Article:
Every animal experimentation protocol (AEP) must include a flowchart that outlines the details of the experimental procedures to be conducted, from which the experience of the study animals can be discerned from enrollment to endpoints. Animals that are subject to more than one procedure must be so noted, along with the order of procedures and the temporal relationship between them, to help reviewers understand the experience of animals subject to multiple procedures. The protocol flowchart must be a stand-alone document such that it can be printed and kept with the animal’s medical record. From looking at the flowchart a lay person should be able to understand what is happening to the animals involved in the depicted study (what, when, how, and to which animal). Similarly, the protocol flowchart should be a guide to all members of the research team such that they can quickly refer to the current approved version of the flowchart to confirm which procedures may be conducted under the terms of the approved protocol. The protocol flowchart is considered to be a component of the animal protocol. Care must be taken to ensure that all of the elements included in the protocol application are captured accurately and appropriately within the flowchart.
Protocol amendments require a revised protocol flowchart in order to place any new activity or time point into the scheme. The amended flowchart must reflect the overall flow of experimental procedures in the protocol while highlighting the changes proposed in the amendment.
Protocol flowcharts must be readily available for review by any member of the research team, veterinary staff, animal care staff, and inspectors reviewing your protocols.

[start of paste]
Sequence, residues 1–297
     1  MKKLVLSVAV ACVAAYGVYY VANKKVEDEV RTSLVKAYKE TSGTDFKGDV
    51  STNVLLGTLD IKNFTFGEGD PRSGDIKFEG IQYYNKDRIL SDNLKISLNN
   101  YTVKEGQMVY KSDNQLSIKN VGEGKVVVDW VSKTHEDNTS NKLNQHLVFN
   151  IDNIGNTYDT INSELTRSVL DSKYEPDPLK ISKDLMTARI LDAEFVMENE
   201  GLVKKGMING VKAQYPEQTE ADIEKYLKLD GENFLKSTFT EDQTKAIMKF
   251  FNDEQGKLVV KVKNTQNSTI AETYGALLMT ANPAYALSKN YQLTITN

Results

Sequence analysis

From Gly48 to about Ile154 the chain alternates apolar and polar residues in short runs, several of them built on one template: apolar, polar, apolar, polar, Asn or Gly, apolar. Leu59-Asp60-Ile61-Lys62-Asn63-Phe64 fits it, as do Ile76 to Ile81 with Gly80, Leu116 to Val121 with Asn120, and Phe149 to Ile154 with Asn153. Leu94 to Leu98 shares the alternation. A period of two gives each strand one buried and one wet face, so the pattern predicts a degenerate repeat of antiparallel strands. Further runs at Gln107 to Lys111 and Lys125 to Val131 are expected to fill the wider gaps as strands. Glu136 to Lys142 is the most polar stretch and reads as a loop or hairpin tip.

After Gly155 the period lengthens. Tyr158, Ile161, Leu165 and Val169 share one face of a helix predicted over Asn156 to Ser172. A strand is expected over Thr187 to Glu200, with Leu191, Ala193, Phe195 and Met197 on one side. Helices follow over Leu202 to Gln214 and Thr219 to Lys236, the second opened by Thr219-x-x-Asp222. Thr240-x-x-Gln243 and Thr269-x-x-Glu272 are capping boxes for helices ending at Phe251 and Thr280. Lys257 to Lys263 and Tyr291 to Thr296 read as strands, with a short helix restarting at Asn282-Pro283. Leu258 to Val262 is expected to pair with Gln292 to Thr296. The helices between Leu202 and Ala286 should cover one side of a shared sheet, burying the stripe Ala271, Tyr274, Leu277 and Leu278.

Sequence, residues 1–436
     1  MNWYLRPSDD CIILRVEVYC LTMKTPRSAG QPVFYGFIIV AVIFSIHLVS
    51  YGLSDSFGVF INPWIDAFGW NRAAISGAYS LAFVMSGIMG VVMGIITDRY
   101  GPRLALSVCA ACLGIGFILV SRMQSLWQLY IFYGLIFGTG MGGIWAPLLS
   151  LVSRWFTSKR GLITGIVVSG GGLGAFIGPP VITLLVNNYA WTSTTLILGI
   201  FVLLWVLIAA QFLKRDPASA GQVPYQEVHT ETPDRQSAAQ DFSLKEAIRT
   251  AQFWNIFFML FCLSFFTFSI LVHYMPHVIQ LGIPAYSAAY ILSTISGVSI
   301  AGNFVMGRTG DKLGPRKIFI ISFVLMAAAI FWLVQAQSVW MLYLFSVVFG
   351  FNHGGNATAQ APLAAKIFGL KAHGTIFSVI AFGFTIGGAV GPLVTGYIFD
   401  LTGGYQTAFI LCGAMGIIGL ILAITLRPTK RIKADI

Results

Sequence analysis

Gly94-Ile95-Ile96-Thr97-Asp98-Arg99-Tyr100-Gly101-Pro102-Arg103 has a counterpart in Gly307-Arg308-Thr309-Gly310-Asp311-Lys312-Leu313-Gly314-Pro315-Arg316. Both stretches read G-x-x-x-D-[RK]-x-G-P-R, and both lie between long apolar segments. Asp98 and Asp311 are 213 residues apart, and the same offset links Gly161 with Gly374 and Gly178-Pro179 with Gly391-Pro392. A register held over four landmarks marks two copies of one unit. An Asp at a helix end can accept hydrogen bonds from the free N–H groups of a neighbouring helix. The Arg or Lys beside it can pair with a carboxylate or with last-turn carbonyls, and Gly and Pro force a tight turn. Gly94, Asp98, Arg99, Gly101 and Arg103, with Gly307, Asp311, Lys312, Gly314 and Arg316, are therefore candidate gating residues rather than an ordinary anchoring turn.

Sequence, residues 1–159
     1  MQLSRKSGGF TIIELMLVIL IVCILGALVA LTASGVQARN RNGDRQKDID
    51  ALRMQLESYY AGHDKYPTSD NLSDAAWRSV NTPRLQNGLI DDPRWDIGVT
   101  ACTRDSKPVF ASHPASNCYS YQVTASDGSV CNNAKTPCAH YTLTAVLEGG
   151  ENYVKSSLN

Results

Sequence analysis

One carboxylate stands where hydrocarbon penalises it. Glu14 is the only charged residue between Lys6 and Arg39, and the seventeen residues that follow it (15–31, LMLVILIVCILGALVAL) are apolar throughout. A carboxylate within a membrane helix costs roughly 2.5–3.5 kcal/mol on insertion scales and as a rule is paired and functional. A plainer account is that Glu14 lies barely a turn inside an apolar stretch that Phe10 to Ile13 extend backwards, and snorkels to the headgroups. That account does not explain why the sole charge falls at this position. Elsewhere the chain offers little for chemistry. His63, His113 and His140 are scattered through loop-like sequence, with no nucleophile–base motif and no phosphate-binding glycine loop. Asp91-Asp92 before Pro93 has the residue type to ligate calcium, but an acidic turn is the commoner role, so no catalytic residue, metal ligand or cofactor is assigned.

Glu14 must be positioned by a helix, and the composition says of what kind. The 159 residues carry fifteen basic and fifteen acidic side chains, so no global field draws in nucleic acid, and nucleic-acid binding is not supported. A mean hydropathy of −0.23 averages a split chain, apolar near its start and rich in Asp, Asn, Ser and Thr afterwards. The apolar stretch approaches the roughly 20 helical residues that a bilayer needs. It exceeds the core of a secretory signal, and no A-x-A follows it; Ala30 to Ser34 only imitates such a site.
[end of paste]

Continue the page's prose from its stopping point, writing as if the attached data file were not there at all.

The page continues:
Any animal accounted for on the USDA Checklist is considered to be a study animal
 Note that experimental groups may be grouped, rather than depicted as individual animals, if identified as such in the flowchart
Required Elements in a Protocol Flowchart:
- Identifiers: Protocol Name, PI name, Date.
- Flow: Order and temporal relationship between the various events experienced by animals from enrollment to the endpoint: The chart should indicate whether animals will experience multiple procedures, their sequence and the intervals between them. If subsequent procedures depend on certain results, if-then or either-or statements can be helpful.
- Experimental vs. Control: Delineate procedures for experimental vs. control groups
- Numbers: Indicate number of animals being used in each arm of the study (i.e. n=8, etc. per group) with total number for study so designated (i.e. total = 100, 25/group, 4 groups). Indicate number of animals at each experimental endpoint.